(Photo: Rory Mulholland)
First Posted July 7, 2011

Free Food! Ketchup at CSN Wednesday August 24

How Music May Help Ward Off Hearing Loss

Older people often have difficulty understanding conversation in a crowd. Like everything else, our hearing deteriorates as we age.
There are physiological reasons for this decline: We lose tiny hair cells that pave the way for sound to reach our brains. We lose needed neurons and chemicals in the inner ear, reducing our capacity to hear.
So how can you help stave off that age-related hearing loss? Try embracing music early in life, research suggests.
"If you spend a lot of your life interacting with sound in an active manner, then your nervous system has made lots of sound-to-meaning connections" that can strengthen your auditory system, says Nina Kraus, director of the Auditory Neuroscience Laboratory at Northwestern University.
Musicians focus extraordinary attention on deciphering low notes from high notes and detecting different tonal qualities. Kraus has studied younger musicians and found that their hearing is far superior to that of their non-musician counterparts.
So Kraus wondered: Could that musical training also help fend off age-related hearing loss? To find out, she assembled a small group of middle-aged musicians and non musicians, aged 45-65. She put both groups through a series of tests measuring their ability to make out and repeat a variety of sentences spoken in noisy background environments.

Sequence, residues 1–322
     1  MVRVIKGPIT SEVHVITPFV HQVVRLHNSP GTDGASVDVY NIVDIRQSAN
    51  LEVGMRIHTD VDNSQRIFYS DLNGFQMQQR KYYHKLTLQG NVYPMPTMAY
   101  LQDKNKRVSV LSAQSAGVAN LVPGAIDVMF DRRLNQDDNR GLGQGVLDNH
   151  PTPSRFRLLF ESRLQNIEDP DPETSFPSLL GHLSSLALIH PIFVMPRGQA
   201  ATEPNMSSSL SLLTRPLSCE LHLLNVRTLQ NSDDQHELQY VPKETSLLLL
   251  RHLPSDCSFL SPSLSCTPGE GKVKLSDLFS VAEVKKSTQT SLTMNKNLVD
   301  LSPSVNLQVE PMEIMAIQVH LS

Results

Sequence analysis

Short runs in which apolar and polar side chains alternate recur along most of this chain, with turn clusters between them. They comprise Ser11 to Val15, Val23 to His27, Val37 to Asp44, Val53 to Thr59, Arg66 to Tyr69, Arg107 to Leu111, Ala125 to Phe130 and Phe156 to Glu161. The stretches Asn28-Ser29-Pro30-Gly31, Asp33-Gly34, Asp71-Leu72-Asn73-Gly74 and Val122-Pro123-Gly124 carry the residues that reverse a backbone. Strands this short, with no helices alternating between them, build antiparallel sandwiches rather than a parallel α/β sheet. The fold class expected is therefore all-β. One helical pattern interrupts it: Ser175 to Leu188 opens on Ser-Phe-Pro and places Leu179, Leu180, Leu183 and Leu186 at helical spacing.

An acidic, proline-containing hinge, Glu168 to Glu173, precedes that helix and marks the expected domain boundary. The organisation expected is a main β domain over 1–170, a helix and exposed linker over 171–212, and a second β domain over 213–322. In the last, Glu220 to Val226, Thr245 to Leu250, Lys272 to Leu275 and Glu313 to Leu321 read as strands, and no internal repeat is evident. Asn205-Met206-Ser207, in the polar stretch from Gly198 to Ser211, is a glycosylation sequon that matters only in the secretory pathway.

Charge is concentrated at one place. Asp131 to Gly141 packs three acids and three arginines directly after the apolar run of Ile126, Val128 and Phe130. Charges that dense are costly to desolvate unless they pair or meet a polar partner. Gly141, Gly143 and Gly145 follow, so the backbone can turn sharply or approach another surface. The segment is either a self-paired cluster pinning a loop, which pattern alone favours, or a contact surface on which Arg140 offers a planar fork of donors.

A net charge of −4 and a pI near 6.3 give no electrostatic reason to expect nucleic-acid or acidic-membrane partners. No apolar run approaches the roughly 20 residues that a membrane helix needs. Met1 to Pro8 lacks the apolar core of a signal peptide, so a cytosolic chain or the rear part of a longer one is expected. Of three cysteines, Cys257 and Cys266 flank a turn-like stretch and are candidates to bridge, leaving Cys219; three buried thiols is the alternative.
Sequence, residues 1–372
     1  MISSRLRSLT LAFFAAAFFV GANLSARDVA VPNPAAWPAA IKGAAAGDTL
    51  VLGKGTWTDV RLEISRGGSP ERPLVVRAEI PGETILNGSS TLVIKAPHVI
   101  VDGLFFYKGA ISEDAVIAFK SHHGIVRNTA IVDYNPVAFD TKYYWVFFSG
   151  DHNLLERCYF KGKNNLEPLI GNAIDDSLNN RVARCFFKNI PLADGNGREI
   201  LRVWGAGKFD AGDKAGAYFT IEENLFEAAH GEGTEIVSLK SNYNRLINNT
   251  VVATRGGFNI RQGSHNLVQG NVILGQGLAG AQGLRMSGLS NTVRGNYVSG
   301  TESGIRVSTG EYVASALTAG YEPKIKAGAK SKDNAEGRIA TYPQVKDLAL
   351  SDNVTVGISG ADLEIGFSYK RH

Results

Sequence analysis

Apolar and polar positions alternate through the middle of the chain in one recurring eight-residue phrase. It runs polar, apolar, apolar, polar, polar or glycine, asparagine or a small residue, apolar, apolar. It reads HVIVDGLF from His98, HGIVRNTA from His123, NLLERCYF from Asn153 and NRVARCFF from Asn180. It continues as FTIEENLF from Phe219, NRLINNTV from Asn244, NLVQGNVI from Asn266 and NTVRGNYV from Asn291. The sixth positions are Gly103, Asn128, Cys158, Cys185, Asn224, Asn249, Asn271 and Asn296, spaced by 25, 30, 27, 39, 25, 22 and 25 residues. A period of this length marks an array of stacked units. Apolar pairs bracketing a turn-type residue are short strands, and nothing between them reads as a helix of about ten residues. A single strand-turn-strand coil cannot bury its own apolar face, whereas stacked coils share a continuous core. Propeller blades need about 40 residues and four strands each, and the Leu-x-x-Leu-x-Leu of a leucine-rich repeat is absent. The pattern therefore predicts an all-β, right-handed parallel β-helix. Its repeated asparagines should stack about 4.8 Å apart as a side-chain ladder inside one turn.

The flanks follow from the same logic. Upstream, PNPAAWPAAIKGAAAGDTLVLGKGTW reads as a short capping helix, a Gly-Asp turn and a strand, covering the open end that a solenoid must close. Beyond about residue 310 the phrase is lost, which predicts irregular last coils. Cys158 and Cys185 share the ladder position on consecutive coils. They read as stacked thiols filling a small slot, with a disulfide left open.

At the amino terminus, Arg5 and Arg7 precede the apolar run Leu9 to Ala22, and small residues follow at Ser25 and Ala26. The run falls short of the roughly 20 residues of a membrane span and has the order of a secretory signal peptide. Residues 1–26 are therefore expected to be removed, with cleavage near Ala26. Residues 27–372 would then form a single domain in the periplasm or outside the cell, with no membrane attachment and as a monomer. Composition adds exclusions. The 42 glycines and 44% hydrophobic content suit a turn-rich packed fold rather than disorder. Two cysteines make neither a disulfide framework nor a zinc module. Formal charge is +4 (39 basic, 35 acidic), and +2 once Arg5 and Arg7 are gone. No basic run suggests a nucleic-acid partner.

Turns out, the musicians were 40 percent better than non-musicians at tuning out background noise and hearing the sentences, as Kraus reported in PloS ONE. The musicians were also better able to remember the sentences than the non-musicians — and that made it easier for them to follow a line of conversation. After all, Kraus says, in order to listen to a friend in a noisy restaurant, you need to be able to recall what was said a few seconds ago in order to make sense of what you're hearing right now.
The take-home message: If you're an older musician, don't stop playing. And if you gave it up, it may be time to dust off the old violin.
As for picking up an instrument for the first time in mid-life, there's no evidence yet that it can help maintain hearing. But the world of rodents offers some hope: Onerecent study found that intense auditory training of older rats resulted in significant improvement in their ability to hear high-pitched sounds. It also boosted their levels of brain chemicals crucial for hearing.